To make (a piece of needlework, a garment, etc.) by looping and intertwining
thread with a hooked needle. Origin: 19th Century; from French crochet, diminutive
of croc hook.
The offspring to the baguette. Origin: Fendi-croissont 2000.
Designed by and bearing the label or signature of a well-known fashion designer;
or having an appearance of fashionable trendiness.
eau de cologne
Cologne water. Origin: 18th Century: Cologne water, from COLOGNE, where it was first manufactured (1709).
eau de toilette
Toilette water. Origin: French, literally: water of Toilette.
Style in clothes, accessories, handbags, cosmetics, behavior, etc., especially
the latest or most admired style. Origin: from Old French faceon.
Fake. Origin: 17th Century; from French.
Matted fabric of wool, hair, etc., made by working the fibers together under pressure or by heat or chemical action. Origin: Old English; related to Old Saxon filt, Old High German filz felt, Latin pellere to beat, Greek pelas close.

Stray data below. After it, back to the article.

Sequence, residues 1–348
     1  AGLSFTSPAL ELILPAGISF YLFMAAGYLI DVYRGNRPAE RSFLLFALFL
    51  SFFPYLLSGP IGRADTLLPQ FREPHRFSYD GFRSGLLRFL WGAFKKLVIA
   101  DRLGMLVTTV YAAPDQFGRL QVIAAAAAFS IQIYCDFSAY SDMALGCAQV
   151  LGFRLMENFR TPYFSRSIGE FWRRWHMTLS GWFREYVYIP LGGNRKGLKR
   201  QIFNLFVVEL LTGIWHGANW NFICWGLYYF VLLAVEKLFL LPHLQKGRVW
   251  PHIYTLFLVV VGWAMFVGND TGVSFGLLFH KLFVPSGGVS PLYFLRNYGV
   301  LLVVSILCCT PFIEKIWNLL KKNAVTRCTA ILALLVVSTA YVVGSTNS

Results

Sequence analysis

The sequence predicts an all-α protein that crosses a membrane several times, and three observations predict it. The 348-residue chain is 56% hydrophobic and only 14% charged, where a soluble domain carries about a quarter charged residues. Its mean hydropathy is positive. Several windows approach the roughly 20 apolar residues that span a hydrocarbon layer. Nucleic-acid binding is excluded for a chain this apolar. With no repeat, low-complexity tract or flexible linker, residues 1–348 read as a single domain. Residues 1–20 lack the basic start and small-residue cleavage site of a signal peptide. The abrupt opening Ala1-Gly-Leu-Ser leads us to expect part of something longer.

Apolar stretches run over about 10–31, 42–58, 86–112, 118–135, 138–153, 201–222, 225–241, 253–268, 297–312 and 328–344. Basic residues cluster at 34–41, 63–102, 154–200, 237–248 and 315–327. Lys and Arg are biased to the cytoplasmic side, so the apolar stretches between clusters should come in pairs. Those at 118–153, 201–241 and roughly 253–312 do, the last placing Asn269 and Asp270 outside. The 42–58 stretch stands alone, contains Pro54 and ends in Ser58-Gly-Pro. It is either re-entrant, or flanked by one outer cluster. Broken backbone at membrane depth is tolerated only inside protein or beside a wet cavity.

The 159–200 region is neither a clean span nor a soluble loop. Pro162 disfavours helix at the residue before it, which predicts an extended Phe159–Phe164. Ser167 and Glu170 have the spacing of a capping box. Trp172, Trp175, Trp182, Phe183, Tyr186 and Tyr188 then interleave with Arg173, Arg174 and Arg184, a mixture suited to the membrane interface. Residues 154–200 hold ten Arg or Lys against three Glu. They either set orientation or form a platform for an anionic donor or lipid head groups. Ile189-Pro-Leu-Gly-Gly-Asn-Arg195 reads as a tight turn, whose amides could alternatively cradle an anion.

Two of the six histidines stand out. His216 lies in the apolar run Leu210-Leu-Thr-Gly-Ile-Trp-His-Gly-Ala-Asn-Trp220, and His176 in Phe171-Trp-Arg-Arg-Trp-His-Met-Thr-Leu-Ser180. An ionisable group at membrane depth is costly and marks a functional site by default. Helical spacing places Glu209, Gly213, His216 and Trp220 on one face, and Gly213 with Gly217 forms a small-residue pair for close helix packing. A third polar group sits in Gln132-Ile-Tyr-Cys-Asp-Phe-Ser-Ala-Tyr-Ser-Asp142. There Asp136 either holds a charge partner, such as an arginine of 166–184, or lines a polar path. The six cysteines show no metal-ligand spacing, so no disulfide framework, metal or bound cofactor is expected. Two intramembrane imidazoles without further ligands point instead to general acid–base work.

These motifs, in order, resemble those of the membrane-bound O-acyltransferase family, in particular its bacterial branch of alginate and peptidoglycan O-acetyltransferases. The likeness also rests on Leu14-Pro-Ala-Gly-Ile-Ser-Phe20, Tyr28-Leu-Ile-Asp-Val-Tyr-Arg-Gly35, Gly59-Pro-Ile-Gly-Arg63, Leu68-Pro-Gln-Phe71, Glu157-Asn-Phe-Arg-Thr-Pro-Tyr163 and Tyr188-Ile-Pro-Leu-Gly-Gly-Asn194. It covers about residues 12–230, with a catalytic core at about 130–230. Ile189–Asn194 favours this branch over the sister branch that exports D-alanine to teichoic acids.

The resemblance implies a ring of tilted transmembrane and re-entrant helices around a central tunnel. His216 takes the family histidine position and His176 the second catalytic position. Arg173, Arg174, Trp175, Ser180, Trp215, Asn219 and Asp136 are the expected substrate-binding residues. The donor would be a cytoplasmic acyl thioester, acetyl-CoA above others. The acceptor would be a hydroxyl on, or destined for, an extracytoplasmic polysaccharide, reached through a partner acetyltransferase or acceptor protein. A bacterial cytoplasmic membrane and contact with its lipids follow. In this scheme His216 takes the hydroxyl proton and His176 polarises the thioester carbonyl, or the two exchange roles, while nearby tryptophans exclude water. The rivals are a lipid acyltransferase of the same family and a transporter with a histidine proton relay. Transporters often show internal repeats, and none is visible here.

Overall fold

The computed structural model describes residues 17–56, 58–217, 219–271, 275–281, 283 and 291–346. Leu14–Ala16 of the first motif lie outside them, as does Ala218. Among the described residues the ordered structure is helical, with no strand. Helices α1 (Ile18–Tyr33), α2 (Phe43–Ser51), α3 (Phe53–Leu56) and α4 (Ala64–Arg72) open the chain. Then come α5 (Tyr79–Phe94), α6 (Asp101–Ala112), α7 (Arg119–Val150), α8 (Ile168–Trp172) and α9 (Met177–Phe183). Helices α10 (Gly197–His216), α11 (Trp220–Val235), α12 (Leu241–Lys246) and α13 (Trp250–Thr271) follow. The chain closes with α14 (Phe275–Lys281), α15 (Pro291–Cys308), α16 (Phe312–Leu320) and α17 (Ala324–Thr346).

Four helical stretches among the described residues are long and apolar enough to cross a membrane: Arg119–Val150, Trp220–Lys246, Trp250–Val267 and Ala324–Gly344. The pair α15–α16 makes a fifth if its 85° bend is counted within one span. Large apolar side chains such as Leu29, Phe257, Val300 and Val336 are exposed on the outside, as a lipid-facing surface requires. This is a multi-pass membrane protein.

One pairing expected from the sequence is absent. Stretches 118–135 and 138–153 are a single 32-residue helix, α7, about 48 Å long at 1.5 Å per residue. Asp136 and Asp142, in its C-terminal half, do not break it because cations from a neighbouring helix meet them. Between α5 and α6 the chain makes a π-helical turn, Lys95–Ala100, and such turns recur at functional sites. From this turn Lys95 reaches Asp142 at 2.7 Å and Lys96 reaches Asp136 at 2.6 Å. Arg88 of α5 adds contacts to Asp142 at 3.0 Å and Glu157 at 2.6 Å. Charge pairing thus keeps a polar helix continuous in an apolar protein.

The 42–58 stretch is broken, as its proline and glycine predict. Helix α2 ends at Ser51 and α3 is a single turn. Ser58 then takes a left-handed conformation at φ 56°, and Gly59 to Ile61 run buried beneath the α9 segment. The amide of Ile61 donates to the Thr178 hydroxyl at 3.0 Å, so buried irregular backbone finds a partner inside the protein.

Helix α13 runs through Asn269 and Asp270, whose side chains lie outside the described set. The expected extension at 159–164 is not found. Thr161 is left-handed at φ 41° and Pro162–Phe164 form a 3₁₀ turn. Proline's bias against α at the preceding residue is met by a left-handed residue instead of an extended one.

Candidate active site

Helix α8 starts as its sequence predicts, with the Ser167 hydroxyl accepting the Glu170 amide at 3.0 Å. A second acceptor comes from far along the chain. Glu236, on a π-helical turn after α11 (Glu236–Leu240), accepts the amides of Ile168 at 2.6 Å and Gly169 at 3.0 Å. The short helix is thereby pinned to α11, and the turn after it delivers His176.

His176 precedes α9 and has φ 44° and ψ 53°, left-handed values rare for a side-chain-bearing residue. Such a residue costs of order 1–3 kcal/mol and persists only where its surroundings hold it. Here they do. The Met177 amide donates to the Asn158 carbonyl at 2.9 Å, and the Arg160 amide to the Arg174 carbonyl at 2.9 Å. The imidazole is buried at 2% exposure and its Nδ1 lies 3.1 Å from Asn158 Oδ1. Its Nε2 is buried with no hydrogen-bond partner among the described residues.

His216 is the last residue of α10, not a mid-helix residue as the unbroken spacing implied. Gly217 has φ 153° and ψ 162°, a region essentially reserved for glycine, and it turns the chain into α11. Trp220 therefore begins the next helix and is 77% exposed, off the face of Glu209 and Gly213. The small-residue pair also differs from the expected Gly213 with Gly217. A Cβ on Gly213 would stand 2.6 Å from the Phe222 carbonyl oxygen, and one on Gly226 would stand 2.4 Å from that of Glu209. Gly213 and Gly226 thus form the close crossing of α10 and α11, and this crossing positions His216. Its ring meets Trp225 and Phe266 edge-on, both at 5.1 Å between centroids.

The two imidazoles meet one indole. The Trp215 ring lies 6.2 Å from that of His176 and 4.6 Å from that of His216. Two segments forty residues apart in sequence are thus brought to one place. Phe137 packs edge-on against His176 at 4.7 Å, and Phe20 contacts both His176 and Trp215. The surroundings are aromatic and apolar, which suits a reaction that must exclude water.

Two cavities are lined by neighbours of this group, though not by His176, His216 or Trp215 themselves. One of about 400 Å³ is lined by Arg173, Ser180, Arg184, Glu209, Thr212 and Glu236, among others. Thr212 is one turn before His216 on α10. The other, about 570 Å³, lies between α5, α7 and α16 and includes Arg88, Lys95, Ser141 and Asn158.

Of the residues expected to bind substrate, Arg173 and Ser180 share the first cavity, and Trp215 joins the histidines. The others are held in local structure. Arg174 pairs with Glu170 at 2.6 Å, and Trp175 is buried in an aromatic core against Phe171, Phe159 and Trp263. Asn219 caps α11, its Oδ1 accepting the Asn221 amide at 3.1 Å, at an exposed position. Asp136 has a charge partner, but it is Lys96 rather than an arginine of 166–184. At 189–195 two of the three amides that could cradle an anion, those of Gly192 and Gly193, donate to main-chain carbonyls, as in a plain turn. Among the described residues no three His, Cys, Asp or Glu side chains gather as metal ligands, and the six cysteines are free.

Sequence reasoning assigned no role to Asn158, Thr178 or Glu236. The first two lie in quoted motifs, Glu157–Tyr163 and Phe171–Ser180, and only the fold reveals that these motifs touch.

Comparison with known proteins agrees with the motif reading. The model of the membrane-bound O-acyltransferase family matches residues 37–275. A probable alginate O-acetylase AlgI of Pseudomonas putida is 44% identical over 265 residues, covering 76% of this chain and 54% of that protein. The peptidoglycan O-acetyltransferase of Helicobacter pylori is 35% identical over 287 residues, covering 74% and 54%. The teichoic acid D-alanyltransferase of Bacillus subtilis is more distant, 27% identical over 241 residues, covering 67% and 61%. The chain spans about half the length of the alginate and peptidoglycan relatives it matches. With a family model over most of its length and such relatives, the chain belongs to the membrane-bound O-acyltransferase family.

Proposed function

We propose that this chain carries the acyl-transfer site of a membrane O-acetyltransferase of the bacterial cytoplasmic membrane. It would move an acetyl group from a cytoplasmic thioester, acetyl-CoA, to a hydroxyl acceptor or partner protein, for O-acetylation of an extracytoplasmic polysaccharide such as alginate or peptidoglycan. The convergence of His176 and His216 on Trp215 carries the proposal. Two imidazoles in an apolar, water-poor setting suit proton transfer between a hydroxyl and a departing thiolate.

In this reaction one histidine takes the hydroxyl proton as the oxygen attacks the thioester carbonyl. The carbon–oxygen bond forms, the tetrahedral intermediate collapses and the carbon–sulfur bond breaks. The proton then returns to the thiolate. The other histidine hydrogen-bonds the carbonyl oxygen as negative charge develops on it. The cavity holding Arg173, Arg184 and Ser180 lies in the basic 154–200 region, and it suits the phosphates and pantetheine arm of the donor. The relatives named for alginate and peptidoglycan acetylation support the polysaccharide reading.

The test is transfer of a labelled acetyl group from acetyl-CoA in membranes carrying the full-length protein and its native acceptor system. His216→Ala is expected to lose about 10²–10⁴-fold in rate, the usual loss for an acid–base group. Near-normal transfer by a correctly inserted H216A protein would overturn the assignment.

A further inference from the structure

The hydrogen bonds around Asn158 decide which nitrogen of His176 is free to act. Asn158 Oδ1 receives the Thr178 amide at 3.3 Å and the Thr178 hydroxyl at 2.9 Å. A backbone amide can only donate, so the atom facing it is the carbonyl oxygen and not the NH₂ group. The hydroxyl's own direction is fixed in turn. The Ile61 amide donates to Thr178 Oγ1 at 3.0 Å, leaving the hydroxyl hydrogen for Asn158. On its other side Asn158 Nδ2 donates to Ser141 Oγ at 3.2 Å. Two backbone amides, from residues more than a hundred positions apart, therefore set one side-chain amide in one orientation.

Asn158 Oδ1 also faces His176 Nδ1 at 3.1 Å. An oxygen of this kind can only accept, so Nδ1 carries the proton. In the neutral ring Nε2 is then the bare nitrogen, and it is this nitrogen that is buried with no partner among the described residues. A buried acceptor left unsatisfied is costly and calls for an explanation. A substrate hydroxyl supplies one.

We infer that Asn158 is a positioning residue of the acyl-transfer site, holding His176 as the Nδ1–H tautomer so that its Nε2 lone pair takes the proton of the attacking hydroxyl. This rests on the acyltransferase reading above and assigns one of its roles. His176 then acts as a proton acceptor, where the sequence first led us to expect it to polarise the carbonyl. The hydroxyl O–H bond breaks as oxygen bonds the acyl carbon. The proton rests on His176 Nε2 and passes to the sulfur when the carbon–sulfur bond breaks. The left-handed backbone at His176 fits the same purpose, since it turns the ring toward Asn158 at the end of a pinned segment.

An originally Turkish brimless felt or wool cap, shaped like a truncated cone, usually red and with a tassel. Origin: 19th Century: via French from Turkish, from FEZ.
Bags designed in the shape of a football. Origin: two different designs by
Moschino in 1998, and Chanel in 2000.
Accessory used to decorate shoes, bags and garments. Origin: designed by Ferragamo.
Any of various head coverings, esp. one with a brim and a shaped crown. Origin: Old English hætt; related to Old Norse höttr cap, Latin cassis helmet.
Handbag design. Origin: designed by Hermès for Jane Birkin in 2001.
Hair taken chiefly from the tail or mane of a horse, used in upholstery and for fabric.
A geometrically designed bag with flower and butterfly. Origin: designed by
Lulu Guinness in 1999.
Guided by. From Old French enspirer.
The name of the woven leather used by Bottega Veneta.
Sandals made by nylon thread. Origin: designed by Ferragamo which won the "Neiman
Marcus Award" in 1947.
jelly kelly handbags